“Before I became a mom, I have two kids now, I used to do a lot of travel,” Shaffer said. “So I would take these incredible experiences I had traveling in other countries, some fiction but mostly real stories and make them into plays.”
Shaffer hadn’t worked on a musical before. She had the script and lyrics but she needed a composer. Shaffer was familiar with Teng’s music but had never met her. A friend suggested contacting Teng and offered to introduce the playwright to the songwriter.
“I thought, 'Wow, that’s a cool idea.' I went back and listened to her stuff and thought about it, for another year -- I don’t move that fast -- and I called my friend and said, 'Yeah I want you to introduce me Vienna Teng,' and six months later we sat down and had our first conversation,” Shaffer said.
Shaffer called Teng “amazingly gifted and a lovely person to work with.” But there were some roadblocks. From that first meeting, it took the two women seven years to complete the work.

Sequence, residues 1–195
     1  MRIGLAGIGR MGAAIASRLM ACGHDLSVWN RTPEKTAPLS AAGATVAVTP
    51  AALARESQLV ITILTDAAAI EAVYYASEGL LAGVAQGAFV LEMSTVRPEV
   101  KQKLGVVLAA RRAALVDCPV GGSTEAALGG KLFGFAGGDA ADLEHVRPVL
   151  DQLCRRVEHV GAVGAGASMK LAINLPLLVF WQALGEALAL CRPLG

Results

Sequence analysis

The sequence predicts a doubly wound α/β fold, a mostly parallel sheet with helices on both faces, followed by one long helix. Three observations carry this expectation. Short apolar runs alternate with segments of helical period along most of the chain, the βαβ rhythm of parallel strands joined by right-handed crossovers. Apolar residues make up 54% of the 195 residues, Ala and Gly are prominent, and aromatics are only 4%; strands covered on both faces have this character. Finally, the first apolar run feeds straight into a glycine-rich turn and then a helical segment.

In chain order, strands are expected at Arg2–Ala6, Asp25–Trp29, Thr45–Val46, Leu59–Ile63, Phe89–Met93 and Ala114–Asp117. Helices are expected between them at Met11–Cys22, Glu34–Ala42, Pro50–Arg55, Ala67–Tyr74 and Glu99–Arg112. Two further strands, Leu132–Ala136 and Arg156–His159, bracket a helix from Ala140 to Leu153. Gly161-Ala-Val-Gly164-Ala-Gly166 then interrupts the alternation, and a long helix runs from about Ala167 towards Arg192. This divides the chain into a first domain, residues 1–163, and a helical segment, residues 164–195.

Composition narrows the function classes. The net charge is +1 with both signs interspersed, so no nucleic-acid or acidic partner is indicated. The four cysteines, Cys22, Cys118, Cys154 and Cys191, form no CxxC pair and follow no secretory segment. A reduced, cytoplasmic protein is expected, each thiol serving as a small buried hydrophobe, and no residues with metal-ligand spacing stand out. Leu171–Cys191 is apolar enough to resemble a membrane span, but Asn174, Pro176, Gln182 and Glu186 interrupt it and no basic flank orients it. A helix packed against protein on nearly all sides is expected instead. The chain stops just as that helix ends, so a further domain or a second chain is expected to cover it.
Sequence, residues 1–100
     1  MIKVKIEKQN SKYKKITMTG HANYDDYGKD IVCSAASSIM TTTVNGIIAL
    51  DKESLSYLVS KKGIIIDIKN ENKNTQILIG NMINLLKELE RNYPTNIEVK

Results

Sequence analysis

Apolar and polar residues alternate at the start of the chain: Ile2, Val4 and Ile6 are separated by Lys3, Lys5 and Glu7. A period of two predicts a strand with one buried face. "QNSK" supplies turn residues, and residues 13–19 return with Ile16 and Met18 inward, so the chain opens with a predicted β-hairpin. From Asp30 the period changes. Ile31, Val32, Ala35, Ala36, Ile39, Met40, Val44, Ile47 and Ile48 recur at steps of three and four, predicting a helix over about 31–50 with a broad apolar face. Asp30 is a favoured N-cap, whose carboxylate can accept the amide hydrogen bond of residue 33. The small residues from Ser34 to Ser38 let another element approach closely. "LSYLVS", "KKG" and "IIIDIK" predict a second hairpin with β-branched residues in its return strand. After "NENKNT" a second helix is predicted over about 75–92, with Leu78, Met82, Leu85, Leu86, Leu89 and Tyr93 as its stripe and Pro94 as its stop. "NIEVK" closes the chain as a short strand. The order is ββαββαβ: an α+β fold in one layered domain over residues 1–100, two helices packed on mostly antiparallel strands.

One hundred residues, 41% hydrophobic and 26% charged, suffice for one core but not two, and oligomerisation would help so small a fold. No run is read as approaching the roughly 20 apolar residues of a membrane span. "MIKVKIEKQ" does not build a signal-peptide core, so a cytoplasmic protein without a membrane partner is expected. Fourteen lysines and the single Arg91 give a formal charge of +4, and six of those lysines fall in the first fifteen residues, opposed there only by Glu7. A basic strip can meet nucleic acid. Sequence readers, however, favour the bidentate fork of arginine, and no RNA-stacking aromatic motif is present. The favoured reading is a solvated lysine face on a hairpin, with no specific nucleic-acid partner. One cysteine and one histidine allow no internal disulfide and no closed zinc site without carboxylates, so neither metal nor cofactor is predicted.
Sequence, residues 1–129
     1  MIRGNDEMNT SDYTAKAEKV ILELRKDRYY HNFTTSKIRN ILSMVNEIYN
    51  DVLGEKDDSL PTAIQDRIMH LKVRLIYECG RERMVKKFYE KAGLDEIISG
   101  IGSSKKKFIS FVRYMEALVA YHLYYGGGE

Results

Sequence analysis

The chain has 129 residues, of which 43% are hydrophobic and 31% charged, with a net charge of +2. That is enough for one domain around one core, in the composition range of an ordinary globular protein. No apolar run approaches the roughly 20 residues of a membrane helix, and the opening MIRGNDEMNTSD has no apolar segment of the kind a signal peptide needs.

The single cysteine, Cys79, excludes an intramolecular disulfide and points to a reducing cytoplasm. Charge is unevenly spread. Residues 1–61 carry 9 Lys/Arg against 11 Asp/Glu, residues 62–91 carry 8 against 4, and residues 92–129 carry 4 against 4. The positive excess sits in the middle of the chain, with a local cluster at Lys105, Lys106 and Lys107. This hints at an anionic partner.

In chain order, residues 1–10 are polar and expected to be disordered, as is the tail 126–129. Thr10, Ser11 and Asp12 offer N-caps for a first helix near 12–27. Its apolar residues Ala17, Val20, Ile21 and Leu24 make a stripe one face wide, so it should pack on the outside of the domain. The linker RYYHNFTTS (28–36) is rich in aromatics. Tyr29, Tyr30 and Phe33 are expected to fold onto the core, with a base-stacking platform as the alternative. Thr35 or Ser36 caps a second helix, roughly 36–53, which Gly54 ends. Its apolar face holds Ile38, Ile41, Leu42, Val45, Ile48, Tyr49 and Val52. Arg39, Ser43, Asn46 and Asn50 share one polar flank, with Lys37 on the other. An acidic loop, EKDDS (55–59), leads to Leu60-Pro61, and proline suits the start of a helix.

“She hadn’t written a musical before, and I think probably for her it was a shock to see how long it took and to realize how many songs wouldn’t make it into the production,” she said. “I had the idea because I hadn’t worked on a musical before, that I would give her the lyrics and she would write the music to them. But she would change them and I was like, 'Why are you changing my lyrics?' Then I kind of learned that was the way to get the best results. She needed to find her way in. It ended up being more of a collaboration than I realized.”
Shaffer said the music is varied to fit the stories within stories of the narrative about Mama Sid’s life, which mirrors the story of Siddhartha’s life from cosseted prince to wandering spiritual leader.
“A lot of the music doesn’t sound exactly like a Vienna Teng concert," Shaffer said. "She stretched to a more theatrical version of herself, to playing with more variety of styles and moods.”